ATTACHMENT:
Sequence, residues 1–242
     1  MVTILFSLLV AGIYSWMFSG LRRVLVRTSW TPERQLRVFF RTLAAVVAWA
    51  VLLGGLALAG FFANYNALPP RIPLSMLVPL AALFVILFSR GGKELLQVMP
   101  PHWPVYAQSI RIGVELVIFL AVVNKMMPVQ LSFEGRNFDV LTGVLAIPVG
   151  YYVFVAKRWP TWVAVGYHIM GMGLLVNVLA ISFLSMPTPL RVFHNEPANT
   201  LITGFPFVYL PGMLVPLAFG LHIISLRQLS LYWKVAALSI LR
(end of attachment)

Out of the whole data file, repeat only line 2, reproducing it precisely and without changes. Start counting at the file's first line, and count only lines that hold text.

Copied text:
     1  MVTILFSLLV AGIYSWMFSG LRRVLVRTSW TPERQLRVFF RTLAAVVAWA